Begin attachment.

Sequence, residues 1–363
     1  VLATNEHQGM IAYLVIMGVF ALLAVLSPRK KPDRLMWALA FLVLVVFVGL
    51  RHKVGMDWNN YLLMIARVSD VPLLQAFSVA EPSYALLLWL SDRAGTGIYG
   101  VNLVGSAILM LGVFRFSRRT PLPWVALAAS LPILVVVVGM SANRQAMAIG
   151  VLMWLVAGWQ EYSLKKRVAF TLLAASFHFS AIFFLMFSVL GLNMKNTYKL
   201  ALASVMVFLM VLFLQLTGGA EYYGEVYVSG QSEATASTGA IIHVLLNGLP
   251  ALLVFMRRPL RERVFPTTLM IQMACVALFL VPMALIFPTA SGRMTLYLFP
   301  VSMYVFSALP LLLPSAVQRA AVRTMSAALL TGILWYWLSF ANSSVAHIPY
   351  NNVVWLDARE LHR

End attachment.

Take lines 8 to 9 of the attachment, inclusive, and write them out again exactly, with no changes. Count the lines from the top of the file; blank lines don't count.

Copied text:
   301  VSMYVFSALP LLLPSAVQRA AVRTMSAALL TGILWYWLSF ANSSVAHIPY
   351  NNVVWLDARE LHR